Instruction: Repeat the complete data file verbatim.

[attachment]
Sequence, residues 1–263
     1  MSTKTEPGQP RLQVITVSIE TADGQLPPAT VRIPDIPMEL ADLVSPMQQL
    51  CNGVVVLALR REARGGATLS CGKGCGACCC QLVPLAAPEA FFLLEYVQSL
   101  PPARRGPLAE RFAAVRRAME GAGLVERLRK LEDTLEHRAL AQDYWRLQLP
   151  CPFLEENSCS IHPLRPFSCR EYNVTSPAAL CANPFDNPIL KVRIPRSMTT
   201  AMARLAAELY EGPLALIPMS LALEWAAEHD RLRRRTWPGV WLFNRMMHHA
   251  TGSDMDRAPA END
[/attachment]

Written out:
Sequence, residues 1–263
     1  MSTKTEPGQP RLQVITVSIE TADGQLPPAT VRIPDIPMEL ADLVSPMQQL
    51  CNGVVVLALR REARGGATLS CGKGCGACCC QLVPLAAPEA FFLLEYVQSL
   101  PPARRGPLAE RFAAVRRAME GAGLVERLRK LEDTLEHRAL AQDYWRLQLP
   151  CPFLEENSCS IHPLRPFSCR EYNVTSPAAL CANPFDNPIL KVRIPRSMTT
   201  AMARLAAELY EGPLALIPMS LALEWAAEHD RLRRRTWPGV WLFNRMMHHA
   251  TGSDMDRAPA END